Blood II: The Chosen

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Blood II The Chosen box art
Blood II: The Chosen

Developer: Monolith Productions

Publisher: GT Interactive

Designer: James Wilson III

Engine: LithTech (1.0)

Version: 2.1

Released: October 31, 1998 (demo), November 20, 1998 (retail)

Genre: First Person Shooter

Modes: Single-player, Multiplayer

Platforms: Windows


ISBN-10: N/A

Media: CD-ROM(1)

Blood II: The Chosen as rated by the ESRB

"In a time of turmoil and decay, a dark organization with a dark purpose casts its shadow over the world. As their cause begins to reach fruition, an even greater evil pushes its twisted being at the bindings of reality. But across a century of pain, through an army built on hate and fear, and over the bodies of those he loved, Death has never died. In 1998, Caleb returns. And this time he's not alone."Blood II: The Chosen Website

Blood II: The Chosen is the sequel to Blood, released on the PC platform for Windows operating systems. Like its predecessor, it is a first person shooter developed by Monolith Productions and distributed by GT Interactive; GT owned the Blood franchise and commissioned for the game to be developed. It was initially released on October 31, 1998 (Halloween) and featured the new fully 3-D Monolith engine - LithTech - which was previously used in Shogo: Mobile Armour Division.


"Blood 2 starts off in the year 2028 in a dark city seemingly trapped in time. Deteriorating Brownstones reach to the sky, crumbling from the weight of time. Wires and pipes crisscross the sky, the only evidence of a futuristic setting, they hold up the city like the strings of a marionette. Caleb, Blood’s ill-tempered anti-hero, has walked the Earth for nearly a hundred years, trying to discover a way to resurrect the original three Chosen: Ophelia, Gabriella, and Ishmael. United they can retake the Cabal by force and help Caleb return to his former position of power as the Cabal’s supreme leader, a position which he feels is rightfully his."Blood II: The Chosen website

A Blood II logo

Blood II was released as a single CD-ROM. An expansion pack, The Nightmare Levels, was released the next year which contained a new single-player episode consisting of six levels, some new multiplayer options, and bug fixes. A European-marketed combo pack called The Blood Group containing both the original game and its expansion pack was later released; the same name was also adopted for the release of Blood II in August of 2014. This followed the game's launch on the digital distribution service on April 29, 2010 originally under the "Blood 2: The Chosen + Expansion" title. This is still the title used for the Steam release, first made available on July 14, 2014 alongside the original Blood, and the one used when Blood II is sold directly by Atari from its website.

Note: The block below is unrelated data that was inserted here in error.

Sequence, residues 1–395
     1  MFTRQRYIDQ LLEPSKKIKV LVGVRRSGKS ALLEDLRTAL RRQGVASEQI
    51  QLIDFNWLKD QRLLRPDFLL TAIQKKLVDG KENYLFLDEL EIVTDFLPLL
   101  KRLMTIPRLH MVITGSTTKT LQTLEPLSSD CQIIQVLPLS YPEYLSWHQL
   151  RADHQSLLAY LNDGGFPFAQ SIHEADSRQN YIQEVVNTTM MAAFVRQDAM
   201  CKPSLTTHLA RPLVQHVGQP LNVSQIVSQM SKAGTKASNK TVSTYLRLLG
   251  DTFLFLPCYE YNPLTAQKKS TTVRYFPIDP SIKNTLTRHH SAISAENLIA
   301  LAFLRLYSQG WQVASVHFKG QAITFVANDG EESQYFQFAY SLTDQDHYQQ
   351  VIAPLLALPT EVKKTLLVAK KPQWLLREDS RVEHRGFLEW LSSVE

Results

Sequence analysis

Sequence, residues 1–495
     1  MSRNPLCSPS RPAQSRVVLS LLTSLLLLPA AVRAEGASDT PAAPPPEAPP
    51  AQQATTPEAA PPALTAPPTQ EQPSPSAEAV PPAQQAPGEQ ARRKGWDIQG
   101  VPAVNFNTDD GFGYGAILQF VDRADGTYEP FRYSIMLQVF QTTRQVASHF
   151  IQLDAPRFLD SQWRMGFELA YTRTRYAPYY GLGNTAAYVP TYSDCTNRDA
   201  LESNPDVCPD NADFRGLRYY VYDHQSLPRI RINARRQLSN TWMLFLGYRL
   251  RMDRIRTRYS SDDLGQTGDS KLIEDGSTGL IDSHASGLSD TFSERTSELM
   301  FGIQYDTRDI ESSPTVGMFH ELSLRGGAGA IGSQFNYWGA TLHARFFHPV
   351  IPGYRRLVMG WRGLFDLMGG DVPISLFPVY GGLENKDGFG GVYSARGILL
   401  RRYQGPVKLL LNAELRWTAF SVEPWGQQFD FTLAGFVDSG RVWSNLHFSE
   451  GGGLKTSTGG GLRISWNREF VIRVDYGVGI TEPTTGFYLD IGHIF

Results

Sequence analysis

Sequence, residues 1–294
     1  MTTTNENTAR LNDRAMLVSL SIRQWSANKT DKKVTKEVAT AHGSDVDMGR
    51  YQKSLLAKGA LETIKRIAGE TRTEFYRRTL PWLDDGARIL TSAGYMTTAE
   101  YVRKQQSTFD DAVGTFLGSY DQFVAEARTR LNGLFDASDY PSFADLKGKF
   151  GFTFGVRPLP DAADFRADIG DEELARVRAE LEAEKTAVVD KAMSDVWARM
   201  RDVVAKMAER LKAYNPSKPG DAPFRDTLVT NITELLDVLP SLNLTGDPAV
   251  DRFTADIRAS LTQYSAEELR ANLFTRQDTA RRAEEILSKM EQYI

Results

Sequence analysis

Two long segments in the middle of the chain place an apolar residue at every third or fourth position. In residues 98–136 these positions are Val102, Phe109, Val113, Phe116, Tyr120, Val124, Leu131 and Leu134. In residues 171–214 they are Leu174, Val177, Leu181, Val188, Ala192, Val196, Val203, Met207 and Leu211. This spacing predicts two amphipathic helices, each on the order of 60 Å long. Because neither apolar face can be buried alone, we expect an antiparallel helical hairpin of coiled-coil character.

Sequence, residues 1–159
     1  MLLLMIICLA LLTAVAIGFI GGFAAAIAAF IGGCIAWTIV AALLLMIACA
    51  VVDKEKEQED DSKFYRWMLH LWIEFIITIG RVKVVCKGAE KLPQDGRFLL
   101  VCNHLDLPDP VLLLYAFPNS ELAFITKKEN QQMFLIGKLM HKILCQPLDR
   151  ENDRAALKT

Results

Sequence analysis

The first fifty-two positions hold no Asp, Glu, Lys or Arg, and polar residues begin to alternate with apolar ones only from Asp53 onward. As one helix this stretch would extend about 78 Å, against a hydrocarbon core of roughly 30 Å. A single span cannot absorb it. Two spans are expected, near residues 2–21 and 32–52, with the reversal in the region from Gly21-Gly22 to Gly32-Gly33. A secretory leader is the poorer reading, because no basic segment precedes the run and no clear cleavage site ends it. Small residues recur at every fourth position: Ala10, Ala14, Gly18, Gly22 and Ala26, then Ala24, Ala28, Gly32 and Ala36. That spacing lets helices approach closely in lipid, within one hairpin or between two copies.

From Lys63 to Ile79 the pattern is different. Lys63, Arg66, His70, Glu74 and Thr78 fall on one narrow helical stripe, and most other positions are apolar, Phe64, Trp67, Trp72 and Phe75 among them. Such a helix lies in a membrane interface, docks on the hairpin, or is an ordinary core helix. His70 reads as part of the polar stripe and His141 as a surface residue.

The game takes place in the year 2028, a hundred years after the events in the first game. Many of the fantastical and mystical elements of the first game have given way to a more realistic dystopian environment. The Cabal has gone from a mystical cult to a world-wide corporation. Many of the weapons reflect their Blood counterparts, but have been reinterpreted in more scientific and technological ways. The locations, instead of being largely temples and mountains, have changed to run-down factories, office buildings, and gritty urban environments, with only a few more mystical levels. The music has even changed to reflect this new style, having a dark techno-industrial feel only slightly laced with the occult. However, the game's signature graphic violence and gore have not changed, as well as its dark sense of humour.

Unlike Blood, Monolith released some of the game logic source code for Blood II (and the LithTech engine) under a restrictive license, which did nonetheless encourage mods and conversions by the Blood community. The program even had a user interface for loading mod files, called "rezzes" for the extension ".REZ". However, the stylistic change and the rushed release of the game meant that most mod projects concentrated on bug fixes or adding features which were either promised during the game's development or that the mod authors thought should have been included the final product. As with Blood, a guide book was released for the game entitled Blood II: The Chosen Strategy Guide by Jamie Madigan.

Technical Specifications[edit]

See also: Installation

Minimum CPU Required: Pentium
Minimum OS Required: Windows 95
Minimum RAM Required: 32 MB
Minimum CD-ROM Drive Speed Required: 4X
Minimum DirectX Version Required: DirectX 6
Input Devices Supported: Keyboard, Mouse, other DirectInput device
Multiplayer Options: Internet (TCP/IP)


"Blood started it all with its blend of not-so-nice monsters, powerful and plentiful weapons, undeniably awesome multiplayer action, and enough macabre humor to get a mummy cackling. Blood II: The Chosen improves upon the realm of Blood in more terrifying ways than you can imagine, combining a cutting-edge 3D game engine, horrifyingly nightmarish creatures from another dimension, and more blood than Blood."Monolith website